The title alone caught my attention, and then I just had to chuckle. Of course, I then knew I wanted to share with TSLL community.
“A weekend roaming narrow old lanes, touring the faded glories of a country manor, and quaffing pints in the pub. How charming. That is, unless you have the misfortune of finding yourself in an English Murder Village, where danger lurks around each picturesque cobblestone corner and every sip of tea may be your last. If you insist on your travels, do yourself a favor and bring a copy of this little book. It may just keep you alive.
“Brought to life with dozens of Gorey-esque drawings by illustrator Jay Cooper and peppered with allusions to classic crime series and unmistakably British murder lore, Your Guide to Not Getting Murdered in a Quaint English Village gives you the tools you need to avoid the same fate, should you find yourself in a suspiciously cozy English village (or simply dream of going). Good luck! And whatever you do, avoid the vicar.”
—Cookies: The New Classics, A Baking Book by Jesse Stewzcyk
Love cookies, but want to mix it up? Be sure to check out Jesse Stewzcyk’s new cookbook. “A collection of 100 brand-new, boldly flavored, and intriguing yet familiar recipes. Sophisticated and approachable—many don’t even require an electric mixer—these new classics are divided into chapters by flavors and attributes such as Chocolaty, Boozy, Fruity, Smoky, and Savory.”
—The Joy of Pizza: Everything You Need to Know by Dan Richer
Highly anticipated, The Joy of Pizza is for the pizza aficionado on your holiday gift list. “Dan Richer has devoted his career to discovering the secrets to a transcendent pie. The pizza at his restaurant, Razza, is among the best one can eat in the United States, if not the world. Now, Richer shares all he has learned about baking pizza with a crisp, caramelized rim; a delicate, floral-scented crumb; and a luscious combination of sauce, cheese, and toppings that gets as close to perfection as any mortal may dare.”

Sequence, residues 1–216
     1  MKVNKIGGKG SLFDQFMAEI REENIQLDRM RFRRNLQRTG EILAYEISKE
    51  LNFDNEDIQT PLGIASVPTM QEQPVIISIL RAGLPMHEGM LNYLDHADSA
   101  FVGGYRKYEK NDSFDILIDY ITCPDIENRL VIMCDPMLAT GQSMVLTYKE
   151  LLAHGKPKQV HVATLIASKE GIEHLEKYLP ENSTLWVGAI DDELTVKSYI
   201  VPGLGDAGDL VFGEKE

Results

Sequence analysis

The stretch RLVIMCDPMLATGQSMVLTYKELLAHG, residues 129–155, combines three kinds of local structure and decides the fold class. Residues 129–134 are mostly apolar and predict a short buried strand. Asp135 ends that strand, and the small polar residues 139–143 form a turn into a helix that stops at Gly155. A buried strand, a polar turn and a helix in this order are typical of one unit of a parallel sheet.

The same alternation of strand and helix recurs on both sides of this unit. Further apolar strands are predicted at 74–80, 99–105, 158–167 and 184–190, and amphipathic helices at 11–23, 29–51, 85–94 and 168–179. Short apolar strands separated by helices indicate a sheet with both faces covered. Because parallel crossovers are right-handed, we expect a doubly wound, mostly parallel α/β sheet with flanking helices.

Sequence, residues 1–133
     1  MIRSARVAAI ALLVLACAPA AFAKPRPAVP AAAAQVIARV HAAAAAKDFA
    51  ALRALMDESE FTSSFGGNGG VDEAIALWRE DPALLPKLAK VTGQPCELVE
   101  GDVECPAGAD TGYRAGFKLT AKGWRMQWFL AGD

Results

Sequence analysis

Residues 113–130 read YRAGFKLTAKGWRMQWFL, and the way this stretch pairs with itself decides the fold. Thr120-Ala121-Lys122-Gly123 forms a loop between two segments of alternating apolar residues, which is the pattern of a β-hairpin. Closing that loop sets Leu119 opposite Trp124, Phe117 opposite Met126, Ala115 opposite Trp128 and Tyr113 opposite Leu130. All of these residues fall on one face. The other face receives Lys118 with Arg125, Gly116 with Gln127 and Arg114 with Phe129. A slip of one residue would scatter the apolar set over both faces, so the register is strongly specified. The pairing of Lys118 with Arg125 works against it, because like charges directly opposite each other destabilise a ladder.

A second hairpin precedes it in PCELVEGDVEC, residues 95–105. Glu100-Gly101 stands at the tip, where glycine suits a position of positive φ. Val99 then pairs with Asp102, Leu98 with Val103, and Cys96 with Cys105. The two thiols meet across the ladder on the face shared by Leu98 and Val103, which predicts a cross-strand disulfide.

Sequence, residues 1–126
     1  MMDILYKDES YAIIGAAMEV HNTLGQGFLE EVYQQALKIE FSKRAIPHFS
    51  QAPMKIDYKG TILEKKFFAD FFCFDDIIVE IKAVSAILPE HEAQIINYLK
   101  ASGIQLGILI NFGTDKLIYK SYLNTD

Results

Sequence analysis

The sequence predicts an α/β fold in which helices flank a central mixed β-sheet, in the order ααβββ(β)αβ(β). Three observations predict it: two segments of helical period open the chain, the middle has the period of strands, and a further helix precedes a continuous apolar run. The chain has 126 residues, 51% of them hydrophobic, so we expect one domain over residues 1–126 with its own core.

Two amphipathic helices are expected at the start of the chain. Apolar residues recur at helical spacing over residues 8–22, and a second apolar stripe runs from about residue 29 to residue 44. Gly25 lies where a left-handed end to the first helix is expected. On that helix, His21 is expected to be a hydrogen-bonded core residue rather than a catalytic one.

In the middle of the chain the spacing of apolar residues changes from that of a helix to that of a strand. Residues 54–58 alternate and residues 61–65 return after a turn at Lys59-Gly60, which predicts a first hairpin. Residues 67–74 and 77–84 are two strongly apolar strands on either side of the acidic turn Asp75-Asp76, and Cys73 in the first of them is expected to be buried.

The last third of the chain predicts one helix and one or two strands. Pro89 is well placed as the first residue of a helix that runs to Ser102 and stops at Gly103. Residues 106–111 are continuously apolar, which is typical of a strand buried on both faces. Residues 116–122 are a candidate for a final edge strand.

Critics are loving Belfast. Released last Friday, “written and directed by Academy Award® nominee Kenneth Branagh, Belfast is a poignant story of love, laughter and loss in one boy’s childhood, amid the music and social tumult of the late 1960s. Starring Caitriona Balfe, Judi Dench, Jamie Dornan, Ciaran Hinds, and Jude Hill.” Check out the trailer below.
I look forward to watching the new film King Richard, a biopic of Serena and Venus’ father Richard who brought the two talented tennis champions to the world stage. Will Smith stars as Richard Williams in a film “based on the true story that follows the journey of an undeterred father instrumental in raising two of the most extraordinarily gifted athletes of all time: Venus and Serena Williams.” Have a look at the trailer below and find it on HBO Max now.
I absolutely cannot wait to watch the new film directed by Lin-Manuel Miranda (his directorial debut) starring Andrew Garfield. Garfield portrays the creator or the hit musical Rent, Jonathan Larson, at the age of 30 and the journey of bringing the play to Broadway. Check out the trailer below and watch it beginning today on Netflix.
Today is the day. If you watched the One Night Only event on Sunday, you already heard four new songs from Adele’s album 30, and now you can enjoy them all as today is release day. Have a listen to “Easy On Me” (if you haven’t already heard it), and look for your preordered copy to arrive today. Enjoy!
—Dream Piece: Bottega Veneta cream twist-front ribbed-knit midi dress (45% off)
I could not help but share. While I will never be able to afford such a piece, I do love a good knit dress or skirt as they hang well on the body, offer just enough warmth and in the right hue, look stunning.
A great sale not to miss is taking place at Theory at the moment. Enjoy 25% off site-wide classic, capsule wardrobe pieces.